Why Business Owners Should Consider Cash Balance Plans

 

 

Cash balance pension plans aren’t new, but they are gaining in popularity.

Companies that offer their employees a cash balance plan may benefit from cost-savings over a traditional pension plan, as well as significant tax savings versus a 401(k) or other defined contribution plan.

What is a cash balance plan?

A cash balance plan is a type of pension plan where an employer credits an employee participant’s account with a set percentage of his or her annual salary, plus an interest credit. This interest credit is typically tied to the interest rate of an outside index, such as the one-year U.S. Treasury Bill rate.

Cash balance plans are defined benefit (DB) plans, which means that employees are guaranteed a specific “defined” amount upon retirement.

Like any DB plan, a cash balance plan is subject to pension funding requirements and the company is ultimately responsible for ensuring the plan is funded.

These pensions typically start paying out around age 65, but could be as early as 55 depending on the company. Note that employees don’t invest any of their own money in the plan, and they typically have no input into the investing choices.

But unlike DB plans, cash balance plans do offer transparency; participants can actually keep track of their account balances.

Cash balance plans also differ from traditional pension plans because they offer the benefit of portability. If an employee leaves the company prior to retiring, the balance is portable and can be rolled over to an IRA, if desired.

Why a cash balance plan?

Each year, a company makes contributions of a specified amount of earnings to each employee participant’s account. Employers who offer cash balance plans typically contribute 5-8% annually, which is generally higher than DB plan contributions.

These levels increase for older workers: The annual contribution limit for a 55-year-old is more than $160,000, and more than $220,000 for a 65-year-old.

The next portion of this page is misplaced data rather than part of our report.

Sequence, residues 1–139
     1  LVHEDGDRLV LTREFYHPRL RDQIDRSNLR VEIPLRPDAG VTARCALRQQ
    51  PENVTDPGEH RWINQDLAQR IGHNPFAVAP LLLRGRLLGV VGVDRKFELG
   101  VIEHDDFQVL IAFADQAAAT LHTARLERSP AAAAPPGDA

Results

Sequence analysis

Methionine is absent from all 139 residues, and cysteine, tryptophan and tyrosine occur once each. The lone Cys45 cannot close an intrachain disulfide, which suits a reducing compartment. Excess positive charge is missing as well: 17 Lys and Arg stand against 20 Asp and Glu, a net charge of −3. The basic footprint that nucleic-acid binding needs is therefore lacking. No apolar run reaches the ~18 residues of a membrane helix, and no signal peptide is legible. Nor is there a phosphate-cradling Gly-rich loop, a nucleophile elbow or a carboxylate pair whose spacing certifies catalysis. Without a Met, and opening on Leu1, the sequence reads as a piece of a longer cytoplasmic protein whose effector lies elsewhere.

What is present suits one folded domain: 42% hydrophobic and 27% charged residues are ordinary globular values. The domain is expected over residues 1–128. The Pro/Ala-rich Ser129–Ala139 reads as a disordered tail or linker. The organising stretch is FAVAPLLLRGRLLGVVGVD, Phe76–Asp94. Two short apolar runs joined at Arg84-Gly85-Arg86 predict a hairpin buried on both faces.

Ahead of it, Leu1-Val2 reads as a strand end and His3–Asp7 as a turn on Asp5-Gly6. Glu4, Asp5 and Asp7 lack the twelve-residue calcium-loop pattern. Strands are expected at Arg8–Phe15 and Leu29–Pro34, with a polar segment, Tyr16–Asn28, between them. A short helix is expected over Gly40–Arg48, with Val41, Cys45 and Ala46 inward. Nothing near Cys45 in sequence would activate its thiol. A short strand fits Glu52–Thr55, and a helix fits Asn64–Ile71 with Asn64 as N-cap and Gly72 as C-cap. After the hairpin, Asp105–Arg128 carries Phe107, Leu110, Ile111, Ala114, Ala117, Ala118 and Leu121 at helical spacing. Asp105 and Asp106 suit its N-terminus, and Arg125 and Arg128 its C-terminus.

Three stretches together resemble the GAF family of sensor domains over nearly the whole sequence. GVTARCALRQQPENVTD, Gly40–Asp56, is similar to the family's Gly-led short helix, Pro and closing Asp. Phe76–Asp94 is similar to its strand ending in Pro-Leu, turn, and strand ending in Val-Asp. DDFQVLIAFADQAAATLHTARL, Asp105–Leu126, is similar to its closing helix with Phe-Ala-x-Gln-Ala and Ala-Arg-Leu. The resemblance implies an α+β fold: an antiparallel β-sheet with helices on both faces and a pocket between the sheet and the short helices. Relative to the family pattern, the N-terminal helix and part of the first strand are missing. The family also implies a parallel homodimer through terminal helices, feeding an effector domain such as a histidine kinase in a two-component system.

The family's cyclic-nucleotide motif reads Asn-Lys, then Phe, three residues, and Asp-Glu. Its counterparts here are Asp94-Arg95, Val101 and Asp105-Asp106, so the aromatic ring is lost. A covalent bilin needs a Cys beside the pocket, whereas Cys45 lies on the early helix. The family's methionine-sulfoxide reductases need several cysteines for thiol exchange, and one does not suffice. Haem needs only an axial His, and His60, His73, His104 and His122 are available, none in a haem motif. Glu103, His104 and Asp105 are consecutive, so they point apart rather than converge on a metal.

Contributions are made by the company, and are a tax-deductible business expense. This means that business owners, professionals, and partners who themselves want to contribute amounts in excess of $50,000 annually, say for their own retirement, can do so easily.

Good candidates for cash balance plans

As with any pension plan, companies with stable cash flow and decent earnings are good candidates for offering cash balance plans. These organizations will generally be in a better position to fund plans over the long-term.

Companies that have regularly contributed annually to employee plans should also consider offering such plans.

As mentioned, business owners and professionals who got a later start on retirement savings can use cash balance plans as a means to rapidly accelerate savings, making up the time to eventually reach the lifetime maximum of $2.6 million per account.

Keep in mind that the large contribution limits for older business owners and professionals offer the reciprocal benefit of a potentially significant tax deduction.

Finally, a cash balance plan can also be used in combination with a 401(k) plan to help maximize their retirement savings.

Converting to a cash balance plan

For all of the advantages of a cash balance plan, note that companies converting their traditional DB plan to a cash balance plan usually leave their employees with a lower benefit than before, due to the higher contribution requirements.

Contributing to such accounts each year instead of a fixed payout based on employees’ years of service is a potentially big cost savings to the employer.

Cash balance plans may be the perfect client solution

A cash balance plan is a great option to add to your toolkit of retirement solutions offerings; such plans may offer significant tax and cost savings when compared to other employee retirement benefit plans.

Be sure to discuss the pros and cons on this type of plan with any business owner or professional clients who are looking to ramp up their retirement plan contributions.

 

All contribution limits discussed herein are believed to be current at the time of writing, however, Vestwell Holdings, Inc. and its affiliates do not offer tax advice and this information is offered for educational purposes only.